If there was universal agreement about Tony Abbott’s political talent, it was in relation to his genius for negative campaigning. Abbott is a man implacably opposed to most progressive policies, and it has long been his forte to lead negative campaigns against them, to thwart them or undermine them. He has a genius for fomenting doubt, for finding the pithy phrase to encapsulate scepticism, for fabricating the glib untruth to grab a headline. Incapable of offering positive leadership he might have been, but no one ever doubted Tony Abbott’s capacity for negative campaigning.

Until now.

Abbott was a prominent No campaigner in the postal plebiscite, even to the extent of upsetting his own sister by revealing family confidences. He was a key figure in the argument that the issue was virtually nothing to do with marriage equality and instead related to free speech, political correctness and freedom of religion. He deployed his full arsenal of obfuscation, deception, inconsistency and misdirection, which had worked brilliantly during the republic referendum and against the Gillard government’s carbon price. Only, this time, it didn’t work. The No campaign failed to significantly shift the dial on public sentiment and was thumped. Abbott’s own electorate voted overwhelmingly yes. Even before the outcome was known, homophobes were preparing a fallback position of trying to delay and stymie marriage equality legislation after losing.

In his opposition to marriage equality, Abbott advocated neither a liberal position, nor a conservative position. Conservatives value institutions such as marriage, rightly or wrongly, as contributing to stability and the benefit of society. They are reluctant to embrace change but do so if the case is made it will benefit society. Liberals value the rights of individuals over the ability of governments to regulate their behaviour when it affects no one but consenting adults and pertains to personal matters. Abbott is now in the position of rejecting change supported by voters, a change that would provide greater freedom for individuals, and supporting the kind of bizarre government interventions proposed by Senator James Paterson and others, intended to protect those who would actively discriminate against LGBTI people.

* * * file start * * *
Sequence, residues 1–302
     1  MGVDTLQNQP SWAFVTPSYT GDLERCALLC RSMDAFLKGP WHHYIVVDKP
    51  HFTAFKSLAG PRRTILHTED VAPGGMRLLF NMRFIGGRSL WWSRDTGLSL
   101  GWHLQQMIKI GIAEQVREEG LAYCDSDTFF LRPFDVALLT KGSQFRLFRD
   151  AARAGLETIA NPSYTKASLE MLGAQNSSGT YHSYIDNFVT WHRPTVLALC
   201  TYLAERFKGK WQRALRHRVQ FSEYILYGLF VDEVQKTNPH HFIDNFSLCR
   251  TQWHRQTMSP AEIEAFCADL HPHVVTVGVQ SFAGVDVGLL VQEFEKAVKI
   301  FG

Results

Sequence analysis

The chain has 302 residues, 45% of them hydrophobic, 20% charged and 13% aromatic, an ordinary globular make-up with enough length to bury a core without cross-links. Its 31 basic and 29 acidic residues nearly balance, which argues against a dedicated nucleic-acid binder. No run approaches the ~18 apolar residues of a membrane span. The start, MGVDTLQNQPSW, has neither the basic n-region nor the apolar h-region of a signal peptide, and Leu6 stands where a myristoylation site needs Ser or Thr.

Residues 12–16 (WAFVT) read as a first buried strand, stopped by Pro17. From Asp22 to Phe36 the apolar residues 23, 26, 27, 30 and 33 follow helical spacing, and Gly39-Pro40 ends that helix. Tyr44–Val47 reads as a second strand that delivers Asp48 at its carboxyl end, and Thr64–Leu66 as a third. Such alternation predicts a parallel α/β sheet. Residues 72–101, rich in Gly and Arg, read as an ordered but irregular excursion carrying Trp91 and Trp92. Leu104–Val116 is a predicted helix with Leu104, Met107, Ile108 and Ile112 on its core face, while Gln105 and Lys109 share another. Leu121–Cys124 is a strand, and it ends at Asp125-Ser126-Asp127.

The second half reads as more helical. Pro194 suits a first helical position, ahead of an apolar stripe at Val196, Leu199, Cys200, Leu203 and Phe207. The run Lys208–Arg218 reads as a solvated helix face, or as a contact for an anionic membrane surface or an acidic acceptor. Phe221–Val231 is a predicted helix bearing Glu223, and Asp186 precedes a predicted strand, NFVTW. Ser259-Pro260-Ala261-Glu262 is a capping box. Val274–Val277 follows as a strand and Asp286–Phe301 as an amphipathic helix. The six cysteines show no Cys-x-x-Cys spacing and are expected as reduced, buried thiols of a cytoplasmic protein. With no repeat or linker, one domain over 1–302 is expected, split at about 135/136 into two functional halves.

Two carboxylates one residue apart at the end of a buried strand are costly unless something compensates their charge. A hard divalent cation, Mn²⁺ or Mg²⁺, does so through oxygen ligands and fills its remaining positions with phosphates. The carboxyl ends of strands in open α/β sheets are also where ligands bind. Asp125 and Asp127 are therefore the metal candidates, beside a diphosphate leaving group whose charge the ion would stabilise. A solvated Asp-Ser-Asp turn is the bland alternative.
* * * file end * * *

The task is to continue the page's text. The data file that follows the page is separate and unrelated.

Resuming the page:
Without a coherent ideological framework beyond reflexive oppositionism to anything he deems progressive or associated with his internal and external opponents, without even his brilliant capacity to successfully undermine progressive achievements, what is the point of Tony Abbott in public life? What does he add to it? His own personal goal, we know, is to destroy the prime ministership of Malcolm Turnbull. Perhaps that’s sufficient to make him get out of bed every morning. But what benefit does he offer the parliament, his party, or his voters? By the end of the plebiscite campaign, Abbott had been banished from the hustings and went off to the United States to address a homophobic hate group that promotes the recriminalisation of homosexuality — the ultimate rejection of any belief in either conservatism or liberalism.

Abbott’s future lies outside parliament, not within it. He offers nothing but division and incoherent obstructionism, powered by nothing more than his rage at Malcolm Turnbull and his rage at how 21st-century Australia isn’t the 1960s Australia he arrived in as a child. Without his legendary powers of negative campaigning, he isn’t even of use to the right of his own party.